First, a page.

Contrary to popular belief, annual rates of hospital transfers from long-term care are decreasing with age according to a study published this year. Analysis of federal acute-care transfer data from nearly 1,200 long-stay residents showed that those aged 60 years and younger have double the probability of a hospital transfer, compared with residents aged 80 years and older.
Transfer rates were highest in the younger-than-60 group, and declined slowly between ages 60 and 80. After age 80, this decrease in transfer rates actually accelerated. The findings challenge the premise that hospital transfer rates increase linearly with age and fragility.
The study also offered a glimpse into an emerging clinical profile of the significant population of younger people now requiring skilled nursing care. About 1 in 6 long-stay nursing home residents in the United States are younger than age 65, according to the study’s authors.
The clinical needs of this younger population are also of note as they were found to experience more sepsis, daily pain, and anemia, and more often required dialysis or tube feeding than older populations. On the other hand, older residents had a higher rate of cognitive decline, dementia, and diabetes. Older residents were also more likely to have an advanced care planning preference for palliation in life-limiting situations, the researchers noted.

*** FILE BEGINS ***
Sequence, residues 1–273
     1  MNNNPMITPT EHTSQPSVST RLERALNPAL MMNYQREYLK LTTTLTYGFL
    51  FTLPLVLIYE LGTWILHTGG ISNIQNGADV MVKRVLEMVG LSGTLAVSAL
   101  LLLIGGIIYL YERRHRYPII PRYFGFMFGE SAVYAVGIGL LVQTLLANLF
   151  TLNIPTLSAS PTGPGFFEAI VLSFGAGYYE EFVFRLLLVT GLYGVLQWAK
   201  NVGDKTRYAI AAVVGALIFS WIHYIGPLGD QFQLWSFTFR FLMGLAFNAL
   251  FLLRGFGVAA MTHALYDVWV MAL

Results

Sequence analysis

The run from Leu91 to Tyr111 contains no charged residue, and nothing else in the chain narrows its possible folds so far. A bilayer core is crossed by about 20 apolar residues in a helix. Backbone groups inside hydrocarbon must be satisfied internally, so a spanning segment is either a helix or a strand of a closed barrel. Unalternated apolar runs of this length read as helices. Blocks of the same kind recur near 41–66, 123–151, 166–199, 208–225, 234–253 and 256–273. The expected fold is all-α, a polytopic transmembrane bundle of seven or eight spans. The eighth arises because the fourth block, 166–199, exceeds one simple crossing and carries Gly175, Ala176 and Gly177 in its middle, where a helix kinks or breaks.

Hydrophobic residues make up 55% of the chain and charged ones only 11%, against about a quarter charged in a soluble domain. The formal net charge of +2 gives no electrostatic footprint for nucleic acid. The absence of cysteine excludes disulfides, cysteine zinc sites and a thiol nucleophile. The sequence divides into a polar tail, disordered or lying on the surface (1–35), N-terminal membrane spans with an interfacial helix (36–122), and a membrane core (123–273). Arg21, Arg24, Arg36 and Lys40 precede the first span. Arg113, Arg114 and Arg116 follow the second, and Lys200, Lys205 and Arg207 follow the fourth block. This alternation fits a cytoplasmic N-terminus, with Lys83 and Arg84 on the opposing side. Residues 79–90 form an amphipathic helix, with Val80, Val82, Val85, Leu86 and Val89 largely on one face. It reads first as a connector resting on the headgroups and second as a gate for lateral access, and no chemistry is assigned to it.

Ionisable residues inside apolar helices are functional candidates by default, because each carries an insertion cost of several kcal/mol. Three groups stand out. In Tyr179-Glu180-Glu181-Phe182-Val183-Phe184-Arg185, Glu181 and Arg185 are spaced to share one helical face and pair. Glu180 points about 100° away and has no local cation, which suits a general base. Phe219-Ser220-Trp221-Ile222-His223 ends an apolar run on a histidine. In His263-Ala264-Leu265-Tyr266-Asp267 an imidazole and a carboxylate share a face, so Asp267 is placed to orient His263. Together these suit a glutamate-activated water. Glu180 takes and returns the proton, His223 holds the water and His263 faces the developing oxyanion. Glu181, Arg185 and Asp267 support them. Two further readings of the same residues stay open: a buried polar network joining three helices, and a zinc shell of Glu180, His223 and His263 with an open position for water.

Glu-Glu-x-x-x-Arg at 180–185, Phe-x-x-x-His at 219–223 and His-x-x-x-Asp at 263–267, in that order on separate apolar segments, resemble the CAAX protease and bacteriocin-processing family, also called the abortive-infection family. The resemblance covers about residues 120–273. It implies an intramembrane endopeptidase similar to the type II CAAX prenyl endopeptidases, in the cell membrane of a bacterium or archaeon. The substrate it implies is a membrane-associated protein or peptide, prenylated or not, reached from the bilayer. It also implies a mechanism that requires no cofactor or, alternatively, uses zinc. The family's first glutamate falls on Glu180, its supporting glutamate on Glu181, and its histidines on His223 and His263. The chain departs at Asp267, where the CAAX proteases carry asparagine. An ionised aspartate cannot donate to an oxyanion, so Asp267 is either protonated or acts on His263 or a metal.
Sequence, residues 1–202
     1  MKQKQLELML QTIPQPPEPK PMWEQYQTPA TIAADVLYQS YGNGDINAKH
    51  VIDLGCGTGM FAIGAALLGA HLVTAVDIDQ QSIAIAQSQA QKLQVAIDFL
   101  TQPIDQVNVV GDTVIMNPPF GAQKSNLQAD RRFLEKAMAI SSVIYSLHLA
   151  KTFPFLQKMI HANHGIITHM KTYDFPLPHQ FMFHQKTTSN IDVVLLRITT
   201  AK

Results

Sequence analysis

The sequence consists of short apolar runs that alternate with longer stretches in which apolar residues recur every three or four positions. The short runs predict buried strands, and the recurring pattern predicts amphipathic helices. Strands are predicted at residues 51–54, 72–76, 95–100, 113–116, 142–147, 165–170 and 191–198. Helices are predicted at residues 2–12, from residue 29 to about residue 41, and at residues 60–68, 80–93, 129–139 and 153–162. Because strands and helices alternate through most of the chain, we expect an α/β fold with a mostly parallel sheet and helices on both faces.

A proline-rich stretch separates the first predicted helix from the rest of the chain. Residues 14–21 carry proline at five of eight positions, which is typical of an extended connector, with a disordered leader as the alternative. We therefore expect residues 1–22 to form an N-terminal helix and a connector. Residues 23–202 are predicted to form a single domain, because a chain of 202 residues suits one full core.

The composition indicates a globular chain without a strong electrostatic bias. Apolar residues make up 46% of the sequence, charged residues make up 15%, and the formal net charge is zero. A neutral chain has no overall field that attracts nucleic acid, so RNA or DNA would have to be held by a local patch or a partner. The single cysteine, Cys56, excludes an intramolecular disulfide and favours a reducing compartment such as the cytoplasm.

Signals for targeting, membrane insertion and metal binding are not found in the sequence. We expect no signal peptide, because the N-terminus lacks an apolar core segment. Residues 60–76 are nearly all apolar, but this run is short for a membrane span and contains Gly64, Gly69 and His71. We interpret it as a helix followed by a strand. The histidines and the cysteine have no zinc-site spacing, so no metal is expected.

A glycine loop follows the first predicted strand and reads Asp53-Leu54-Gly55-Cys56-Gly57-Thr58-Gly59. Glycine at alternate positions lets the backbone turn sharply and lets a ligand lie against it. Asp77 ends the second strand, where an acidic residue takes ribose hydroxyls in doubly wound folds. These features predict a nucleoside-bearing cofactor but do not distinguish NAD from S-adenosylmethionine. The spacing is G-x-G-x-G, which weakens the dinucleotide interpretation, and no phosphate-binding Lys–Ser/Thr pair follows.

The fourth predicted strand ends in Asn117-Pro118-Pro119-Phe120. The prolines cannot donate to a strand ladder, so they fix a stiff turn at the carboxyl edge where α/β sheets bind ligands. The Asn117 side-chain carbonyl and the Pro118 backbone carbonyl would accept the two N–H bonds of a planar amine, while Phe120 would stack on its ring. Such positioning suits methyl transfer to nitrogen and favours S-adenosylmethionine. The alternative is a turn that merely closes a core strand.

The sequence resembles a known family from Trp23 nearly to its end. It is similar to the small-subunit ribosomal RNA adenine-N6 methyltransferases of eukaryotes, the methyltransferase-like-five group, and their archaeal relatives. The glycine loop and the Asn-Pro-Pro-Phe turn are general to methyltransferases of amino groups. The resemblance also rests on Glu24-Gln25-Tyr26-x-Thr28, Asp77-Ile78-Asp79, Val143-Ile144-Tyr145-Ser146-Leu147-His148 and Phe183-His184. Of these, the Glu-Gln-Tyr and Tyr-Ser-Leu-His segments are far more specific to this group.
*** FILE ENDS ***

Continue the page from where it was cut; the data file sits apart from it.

According to the study’s authors, having a deeper understanding of age-related hospital transfers not only provides benchmarks for care provision, but can help in designing strategies to reduce hospital transfers based on the diverse needs of different-aged residents.
Click here to read more about the study published in the journal, Age and Aging.